The other option is to outline the whole text character by character with your mouse, using the cutter tool, and then cut the text out - the text will disapear, leaving blank places, which can then be filled with the colour and structure from the neigbourhood. This is practicable for bigger headlines with not so much characters, but not for normal textes.
But I do not know any possibility of editing text in pictures, saved as bitmaps.
On the other hand, in drawings such as Corel Draw (*.cdr) od Micrographx Designer (*.drw) thi is possible due to other way of saving such drawings. They are called vector graphics. But as far as I know Adobe Illustrator is not a vector graphics programm (I do not have it on my PC).
[ This Message was edited by: on 2002-07-29 19:54 ]
| || || |
| Adobe Illustrator IS a vector graphics program || Aug 6, 2002 |
On 2002-07-28 20:23, JCzopik wrote:
But as far as I know Adobe Illustrator is not a vector graphics programm
Adobe Illustrator IS a vector graphics program, and that is why it cannot change directly the content of a JPEG (bitmap) file; that is why when you type the new text it does not replace the \"old\" text: because that is not real text but just a bitmap image.
What you should do really depends on the contents of your JPEG file.
You could try hiding the old text by covering it with a white or background colour rectangle, or editing first the JPEG in an image editing program such as Photoshop (if the text content is not much, you can also add the new text directly in Photoshop). Alternatively, get the original file as PDF, not as JPEG, and the chances are that the text will be retained as text and converted to bitmaps. Illustrator can open PDF files (but the text will be divided line by line and not follow the original paragraph structure).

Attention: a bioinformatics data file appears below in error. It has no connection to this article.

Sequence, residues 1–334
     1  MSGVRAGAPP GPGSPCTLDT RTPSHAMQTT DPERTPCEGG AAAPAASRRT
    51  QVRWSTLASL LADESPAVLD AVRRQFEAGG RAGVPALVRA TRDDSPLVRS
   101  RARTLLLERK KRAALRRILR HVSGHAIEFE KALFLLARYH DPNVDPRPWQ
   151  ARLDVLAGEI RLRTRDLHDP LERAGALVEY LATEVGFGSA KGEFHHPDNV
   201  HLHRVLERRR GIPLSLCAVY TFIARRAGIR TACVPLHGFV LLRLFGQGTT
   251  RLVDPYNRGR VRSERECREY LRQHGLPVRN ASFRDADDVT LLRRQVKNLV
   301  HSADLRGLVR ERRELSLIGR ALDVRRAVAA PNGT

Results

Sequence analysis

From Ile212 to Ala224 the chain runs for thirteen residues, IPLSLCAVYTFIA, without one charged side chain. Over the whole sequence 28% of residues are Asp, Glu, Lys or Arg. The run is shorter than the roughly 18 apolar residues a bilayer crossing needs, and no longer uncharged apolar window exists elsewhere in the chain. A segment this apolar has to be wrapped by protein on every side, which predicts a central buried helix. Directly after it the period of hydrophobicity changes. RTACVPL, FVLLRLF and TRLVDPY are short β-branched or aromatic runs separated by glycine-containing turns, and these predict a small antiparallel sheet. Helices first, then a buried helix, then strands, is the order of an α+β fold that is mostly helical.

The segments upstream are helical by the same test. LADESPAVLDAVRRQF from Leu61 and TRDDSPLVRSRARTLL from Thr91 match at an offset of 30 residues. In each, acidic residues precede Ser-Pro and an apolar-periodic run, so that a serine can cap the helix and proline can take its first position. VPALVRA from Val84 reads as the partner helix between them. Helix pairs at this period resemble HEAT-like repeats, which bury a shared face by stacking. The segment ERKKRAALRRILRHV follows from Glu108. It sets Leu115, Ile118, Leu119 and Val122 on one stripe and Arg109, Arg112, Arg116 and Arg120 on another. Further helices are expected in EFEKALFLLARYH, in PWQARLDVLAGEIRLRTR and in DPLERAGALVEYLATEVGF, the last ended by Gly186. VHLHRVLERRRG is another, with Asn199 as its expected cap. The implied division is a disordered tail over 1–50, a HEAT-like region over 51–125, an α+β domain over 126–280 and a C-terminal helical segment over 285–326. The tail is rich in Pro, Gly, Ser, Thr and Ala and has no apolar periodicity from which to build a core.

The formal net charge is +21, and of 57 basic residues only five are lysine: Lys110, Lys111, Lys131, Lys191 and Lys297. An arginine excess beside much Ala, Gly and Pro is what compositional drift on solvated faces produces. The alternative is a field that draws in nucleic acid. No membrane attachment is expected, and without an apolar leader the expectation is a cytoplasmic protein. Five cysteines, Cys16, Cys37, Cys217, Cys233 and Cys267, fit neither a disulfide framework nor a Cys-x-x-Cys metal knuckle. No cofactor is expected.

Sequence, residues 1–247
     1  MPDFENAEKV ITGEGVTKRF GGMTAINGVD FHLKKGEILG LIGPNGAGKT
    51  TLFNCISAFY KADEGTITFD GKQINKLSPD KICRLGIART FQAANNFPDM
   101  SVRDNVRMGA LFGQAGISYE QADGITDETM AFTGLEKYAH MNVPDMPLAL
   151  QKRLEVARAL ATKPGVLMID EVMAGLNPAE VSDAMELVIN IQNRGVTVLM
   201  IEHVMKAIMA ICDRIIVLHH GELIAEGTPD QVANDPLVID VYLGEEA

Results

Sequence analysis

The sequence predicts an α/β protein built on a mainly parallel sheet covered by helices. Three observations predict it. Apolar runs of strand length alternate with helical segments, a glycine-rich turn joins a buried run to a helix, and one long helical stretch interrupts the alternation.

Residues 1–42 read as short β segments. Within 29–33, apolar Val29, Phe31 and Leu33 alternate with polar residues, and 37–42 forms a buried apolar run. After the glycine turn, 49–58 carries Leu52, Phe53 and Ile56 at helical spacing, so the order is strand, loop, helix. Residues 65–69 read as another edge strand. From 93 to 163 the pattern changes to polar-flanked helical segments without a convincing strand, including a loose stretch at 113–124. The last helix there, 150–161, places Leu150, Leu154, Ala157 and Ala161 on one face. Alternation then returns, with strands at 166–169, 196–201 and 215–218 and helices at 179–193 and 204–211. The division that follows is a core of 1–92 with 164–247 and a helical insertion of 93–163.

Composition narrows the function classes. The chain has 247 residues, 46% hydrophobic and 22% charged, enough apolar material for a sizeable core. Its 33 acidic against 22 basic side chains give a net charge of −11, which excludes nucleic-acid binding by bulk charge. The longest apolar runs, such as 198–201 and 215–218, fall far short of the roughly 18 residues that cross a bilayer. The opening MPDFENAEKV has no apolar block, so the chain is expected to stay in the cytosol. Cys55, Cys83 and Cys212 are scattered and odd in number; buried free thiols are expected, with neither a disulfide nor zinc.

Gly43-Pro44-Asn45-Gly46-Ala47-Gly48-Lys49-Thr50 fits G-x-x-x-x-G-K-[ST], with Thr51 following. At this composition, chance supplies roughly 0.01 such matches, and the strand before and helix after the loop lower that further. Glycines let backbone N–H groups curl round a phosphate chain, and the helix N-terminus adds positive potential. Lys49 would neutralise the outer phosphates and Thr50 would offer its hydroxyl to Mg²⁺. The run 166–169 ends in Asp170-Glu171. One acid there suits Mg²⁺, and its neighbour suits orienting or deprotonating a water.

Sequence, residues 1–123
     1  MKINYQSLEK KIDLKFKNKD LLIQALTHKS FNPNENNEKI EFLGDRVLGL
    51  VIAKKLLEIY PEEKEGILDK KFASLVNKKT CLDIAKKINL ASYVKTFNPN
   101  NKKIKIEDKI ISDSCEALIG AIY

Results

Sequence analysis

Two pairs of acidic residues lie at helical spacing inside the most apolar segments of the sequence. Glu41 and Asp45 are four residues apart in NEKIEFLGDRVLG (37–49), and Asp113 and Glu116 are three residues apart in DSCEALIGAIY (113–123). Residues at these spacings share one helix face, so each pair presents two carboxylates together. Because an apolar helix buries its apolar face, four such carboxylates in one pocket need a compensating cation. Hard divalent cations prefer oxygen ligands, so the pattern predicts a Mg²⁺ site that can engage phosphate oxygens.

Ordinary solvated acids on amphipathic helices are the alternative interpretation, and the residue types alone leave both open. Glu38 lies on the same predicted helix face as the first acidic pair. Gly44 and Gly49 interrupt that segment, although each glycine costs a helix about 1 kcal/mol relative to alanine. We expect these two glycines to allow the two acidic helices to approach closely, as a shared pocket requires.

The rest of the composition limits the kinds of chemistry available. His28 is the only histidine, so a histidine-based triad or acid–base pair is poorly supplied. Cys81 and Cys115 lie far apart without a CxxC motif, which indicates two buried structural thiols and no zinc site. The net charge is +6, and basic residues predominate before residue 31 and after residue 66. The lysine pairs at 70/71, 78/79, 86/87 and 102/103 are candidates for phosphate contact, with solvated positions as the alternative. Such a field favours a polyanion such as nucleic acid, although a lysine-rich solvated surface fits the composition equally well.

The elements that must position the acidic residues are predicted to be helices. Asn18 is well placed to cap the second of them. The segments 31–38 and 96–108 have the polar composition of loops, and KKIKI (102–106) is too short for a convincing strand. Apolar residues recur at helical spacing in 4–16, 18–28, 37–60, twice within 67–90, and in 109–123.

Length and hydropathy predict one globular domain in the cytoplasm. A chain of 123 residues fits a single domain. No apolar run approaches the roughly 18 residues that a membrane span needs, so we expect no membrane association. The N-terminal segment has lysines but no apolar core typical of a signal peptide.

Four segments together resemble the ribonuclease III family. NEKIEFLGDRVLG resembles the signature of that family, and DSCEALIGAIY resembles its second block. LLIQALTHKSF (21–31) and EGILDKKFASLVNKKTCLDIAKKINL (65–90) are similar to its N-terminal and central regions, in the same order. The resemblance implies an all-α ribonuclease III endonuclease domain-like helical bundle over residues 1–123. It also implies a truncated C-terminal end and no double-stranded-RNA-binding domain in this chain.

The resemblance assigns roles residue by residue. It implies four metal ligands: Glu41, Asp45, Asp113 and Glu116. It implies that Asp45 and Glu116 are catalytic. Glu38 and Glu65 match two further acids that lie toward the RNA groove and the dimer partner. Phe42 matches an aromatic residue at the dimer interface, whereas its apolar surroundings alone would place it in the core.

Or even better, get it in the original format and use the same application that had been used to create the original document.
| || || |
| No way in this case || Aug 7, 2002 |
As the others already explained, it looks like there is no way you could do it in this case. I guess the reason you received the document as a JPG is because it is a printed certificate, and they scanned it in for you. I doubt you could get the original format, as it is most likely that such certificates were printed by the respective authorities on special paper, on a traditional way, not by creating the image on a computer.
JPG files \"lock in\" everything as graphics information, Illustrator or other software cannot differentiate between the text and other pictures or the background. Therefore you cannot extract the text, since it is not like another \"layer\" that can be separated from the underlying background. Imagine, that you have the paper certificate, and you are trying to replace the text on that. (Because that\'s what you are trying to do.) You can cut the text out, but then you would have holes. You can paint it over with white or some other color, but that would show, too. Unless you are into some micro-graphics work to repair the damaged background graphics, almost like forging banknotes, you probably won\'t have the time and energy to do this.
And you don\'t have to. You are a translator, right?
| || || |